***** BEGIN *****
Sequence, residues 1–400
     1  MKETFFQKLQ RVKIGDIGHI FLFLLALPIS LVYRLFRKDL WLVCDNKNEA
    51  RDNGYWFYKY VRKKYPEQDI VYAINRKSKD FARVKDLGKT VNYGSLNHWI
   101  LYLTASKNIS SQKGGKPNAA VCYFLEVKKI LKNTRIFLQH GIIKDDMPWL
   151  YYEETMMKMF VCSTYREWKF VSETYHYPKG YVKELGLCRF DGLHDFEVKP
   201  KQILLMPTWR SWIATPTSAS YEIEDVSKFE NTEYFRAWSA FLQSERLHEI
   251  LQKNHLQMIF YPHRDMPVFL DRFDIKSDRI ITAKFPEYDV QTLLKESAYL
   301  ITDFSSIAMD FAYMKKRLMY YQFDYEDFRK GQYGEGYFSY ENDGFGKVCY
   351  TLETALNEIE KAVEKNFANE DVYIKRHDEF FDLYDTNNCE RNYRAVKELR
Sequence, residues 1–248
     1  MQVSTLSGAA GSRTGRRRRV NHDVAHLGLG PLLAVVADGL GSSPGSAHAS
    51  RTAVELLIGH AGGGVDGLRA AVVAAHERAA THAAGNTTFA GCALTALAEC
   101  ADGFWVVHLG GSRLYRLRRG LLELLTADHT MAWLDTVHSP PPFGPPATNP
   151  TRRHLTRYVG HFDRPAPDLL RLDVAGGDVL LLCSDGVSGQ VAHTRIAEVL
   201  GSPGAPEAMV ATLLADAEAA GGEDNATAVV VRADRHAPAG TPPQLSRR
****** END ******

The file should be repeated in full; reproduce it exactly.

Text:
Sequence, residues 1–400
     1  MKETFFQKLQ RVKIGDIGHI FLFLLALPIS LVYRLFRKDL WLVCDNKNEA
    51  RDNGYWFYKY VRKKYPEQDI VYAINRKSKD FARVKDLGKT VNYGSLNHWI
   101  LYLTASKNIS SQKGGKPNAA VCYFLEVKKI LKNTRIFLQH GIIKDDMPWL
   151  YYEETMMKMF VCSTYREWKF VSETYHYPKG YVKELGLCRF DGLHDFEVKP
   201  KQILLMPTWR SWIATPTSAS YEIEDVSKFE NTEYFRAWSA FLQSERLHEI
   251  LQKNHLQMIF YPHRDMPVFL DRFDIKSDRI ITAKFPEYDV QTLLKESAYL
   301  ITDFSSIAMD FAYMKKRLMY YQFDYEDFRK GQYGEGYFSY ENDGFGKVCY
   351  TLETALNEIE KAVEKNFANE DVYIKRHDEF FDLYDTNNCE RNYRAVKELR
Sequence, residues 1–248
     1  MQVSTLSGAA GSRTGRRRRV NHDVAHLGLG PLLAVVADGL GSSPGSAHAS
    51  RTAVELLIGH AGGGVDGLRA AVVAAHERAA THAAGNTTFA GCALTALAEC
   101  ADGFWVVHLG GSRLYRLRRG LLELLTADHT MAWLDTVHSP PPFGPPATNP
   151  TRRHLTRYVG HFDRPAPDLL RLDVAGGDVL LLCSDGVSGQ VAHTRIAEVL
   201  GSPGAPEAMV ATLLADAEAA GGEDNATAVV VRADRHAPAG TPPQLSRR